Many years ago this film was recommended by a friend (so creative and talented) and I finally got around to watching it. It had been in my Netflix queue and kept getting pushed down the list. I wish I hadn’t waited to so long – it was wonderful!
Visual Acoustics documents the life and career of Julius Shulman, an amazing architectural photographer who worked with the most influential and stellar architects (Neutra, Wright, Lautner) of the modernist movement. Most of his work was based in California and he is responsible for iconic images that almost everyone who follows art or architecture has seen.
Pierre Koenig’s Case Study House No. 22, 1960 (The Stahl House)
The Stahl House is a fantastic website about the house above, which is featured in the documentary. (I find it remarkable that the house is still owned by the Stahl family!) Great article about it, too, here.
That website had this to say about Julius Shulman:
“Working mostly in California, Mr. Shulman staged his photographs as tableaus to promote the idea of casual living in a Modernist context. Carefully composed and artfully lighted, his images promoted not only new approaches to home design but also the ideal of idyllic California living — a sunny, suburban lifestyle played out in sleek, spacious, low-slung homes featuring ample glass, pools and patios.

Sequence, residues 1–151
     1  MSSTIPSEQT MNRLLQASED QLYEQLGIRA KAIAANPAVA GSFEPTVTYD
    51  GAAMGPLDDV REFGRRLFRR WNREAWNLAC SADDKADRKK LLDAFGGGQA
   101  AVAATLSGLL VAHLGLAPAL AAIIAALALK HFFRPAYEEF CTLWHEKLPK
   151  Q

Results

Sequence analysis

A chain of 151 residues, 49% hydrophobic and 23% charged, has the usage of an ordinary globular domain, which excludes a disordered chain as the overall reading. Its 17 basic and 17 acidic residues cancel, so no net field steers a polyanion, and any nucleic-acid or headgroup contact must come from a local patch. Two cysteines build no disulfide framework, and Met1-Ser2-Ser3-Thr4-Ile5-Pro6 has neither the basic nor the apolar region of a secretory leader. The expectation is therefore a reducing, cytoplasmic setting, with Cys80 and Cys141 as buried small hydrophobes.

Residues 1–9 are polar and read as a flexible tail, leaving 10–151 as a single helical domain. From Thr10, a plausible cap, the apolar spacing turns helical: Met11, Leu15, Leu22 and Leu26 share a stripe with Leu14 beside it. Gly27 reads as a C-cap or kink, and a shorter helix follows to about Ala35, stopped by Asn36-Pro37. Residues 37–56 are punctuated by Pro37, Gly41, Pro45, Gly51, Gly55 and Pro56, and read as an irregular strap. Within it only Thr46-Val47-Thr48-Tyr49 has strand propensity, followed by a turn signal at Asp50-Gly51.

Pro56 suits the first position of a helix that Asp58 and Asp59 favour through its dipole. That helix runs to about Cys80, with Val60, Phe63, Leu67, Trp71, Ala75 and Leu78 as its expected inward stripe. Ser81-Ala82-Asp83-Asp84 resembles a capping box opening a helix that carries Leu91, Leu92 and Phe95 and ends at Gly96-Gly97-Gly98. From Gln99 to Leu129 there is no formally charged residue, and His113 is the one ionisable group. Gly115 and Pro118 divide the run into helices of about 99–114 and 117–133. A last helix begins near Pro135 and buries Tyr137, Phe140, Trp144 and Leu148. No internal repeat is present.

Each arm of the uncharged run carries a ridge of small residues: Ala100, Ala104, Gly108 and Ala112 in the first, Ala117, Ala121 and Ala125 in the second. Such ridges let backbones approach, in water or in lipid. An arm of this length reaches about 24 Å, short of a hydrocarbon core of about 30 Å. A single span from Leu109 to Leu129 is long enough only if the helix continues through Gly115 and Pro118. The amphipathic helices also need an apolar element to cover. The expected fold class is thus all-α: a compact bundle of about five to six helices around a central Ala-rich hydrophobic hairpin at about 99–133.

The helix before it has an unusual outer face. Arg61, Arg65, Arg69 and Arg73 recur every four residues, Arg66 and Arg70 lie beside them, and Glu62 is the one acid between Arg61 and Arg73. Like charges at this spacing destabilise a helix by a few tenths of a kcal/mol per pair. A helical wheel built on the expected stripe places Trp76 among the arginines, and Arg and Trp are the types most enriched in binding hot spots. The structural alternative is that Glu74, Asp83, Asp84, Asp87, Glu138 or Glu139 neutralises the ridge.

Mr. Shulman photographed buildings by some of the era’s best-known architects, including Richard Neutra, Frank Lloyd Wright, Charles and Ray Eames, Mies van der Rohe and Oscar Niemeyer. But he also photographed less exalted examples of American buildings, like gas stations, apartment buildings and shopping malls.
Although his best-known work was made from the late 1940s through the 1960s, he continued to photograph into his 90s. In recent years a new appreciation of postwar architecture and design has contributed to renewed interest in Mr. Shulman’s work. In 2005 the Getty Research Institute acquired his archive of more than a quarter-million prints, negatives and transparencies.”
If you have any interest in modernism, 1950s-60s architecture, art, or photography, you need to watch this film. It is a fantastic story and a lovely tribute to a genius photographer.